Another order placed with the company brought Marc Röger to Egypt, where the company is optimising one of its solar power plants near Cairo. This gave him the opportunity to see the country in a way that most only get to see when they go as tourists. "We stayed in a holiday resort in Cairo, and every morning we would sit at the breakfast table with tourists. After breakfast, we went our separate ways. The other guests went on sightseeing tours, while we went through the industrial area to a facility some 40 kilometres into the desert." He also reminisces on a nightshift in which the staff had to take care of a system crash shortly before their departure: "That night just flew by. We worked like mad, saved disks and had to rebuild the system before daybreak". At some point, the night guards and staff responsible for on-site security woke up very surprised. "After a short period of confusion, they invited us for some tea. We sat together around a fire in front of the building on that cold night; above us, a gigantic starry sky."
Going from the scientific world to working in a company fundamentally changed Röger's perspective regarding his work. "It was important to see that our research was in demand and just how it was being used." But in the end, Röger decided to continue developing technology in a research facility, and assumed responsibility for leading a team of researchers at DLR in Almería. He does not get frustrated at the fact that it is not easy to progress and find solutions within academia, nor does it bother him that ideas must always be reconsidered, and sometimes scrapped. "In this regard, I am a rational thinker, which protects against disillusionment."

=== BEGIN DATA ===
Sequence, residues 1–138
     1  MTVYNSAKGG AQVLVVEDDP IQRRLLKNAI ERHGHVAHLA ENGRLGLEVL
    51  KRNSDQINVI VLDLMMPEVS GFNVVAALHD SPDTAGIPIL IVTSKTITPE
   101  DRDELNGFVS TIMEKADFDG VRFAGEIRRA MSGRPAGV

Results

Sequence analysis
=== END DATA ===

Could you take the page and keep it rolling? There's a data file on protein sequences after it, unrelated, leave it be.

Credit crunch felt across Spain
Marc Röger has been working for DLR in Almería since 2005. He witnessed the building boom in the coastal town, and now the credit crunch in Spain, which is also affecting him and his DLR colleagues in Almería. It has not gone unnoticed by Röger that fewer and fewer people get together in the bars during the evening over the past few years, and the cost of housing in the region has plummeted horrifically. Many new residential and business premises have been left empty because there are no buyers or tenants. Several of his friends and acquaintances have lost their jobs, and there is little prospect of finding something else that would be adequate. "The current situation has a significant impact on morale. Given that we have relatively secure jobs here at DLR, we sometimes feel as if we have a safety net, safeguarding us from the surrounding areas in Almería."
That said, Marc Röger still has a lot of Spanish friends there, many of whom are also windsurfers. When he leaves the Tabernas Mountains and heads back to the coast, he checks his mobile to see whether the best windsurfing spots are still being discussed. "At this time, most people agree upon where the best wind and waves are. Now is a good time to make your way down there." Of course, windsurfing is not Marc Röger's main priority. Nevertheless, he is rather quite ambitious when it comes to it, and gets angry when he cannot go to the sea for a long time or has to miss training due to business trips. "You have to be 100 percent fit for this sport; otherwise it won't be long before you are in the water instead of on it." According to Röger, windsurfing was certainly not the reason why he originally went to Almería, but it is perhaps one of the reasons why he decided to stay.